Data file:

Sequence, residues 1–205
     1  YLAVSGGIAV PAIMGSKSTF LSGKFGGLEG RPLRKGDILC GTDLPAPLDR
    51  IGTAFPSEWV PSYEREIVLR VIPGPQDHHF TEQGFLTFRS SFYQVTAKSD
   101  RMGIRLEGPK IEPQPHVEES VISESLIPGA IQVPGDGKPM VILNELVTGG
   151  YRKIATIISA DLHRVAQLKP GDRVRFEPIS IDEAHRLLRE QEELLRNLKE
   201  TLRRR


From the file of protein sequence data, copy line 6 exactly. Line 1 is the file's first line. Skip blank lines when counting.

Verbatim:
   201  TLRRR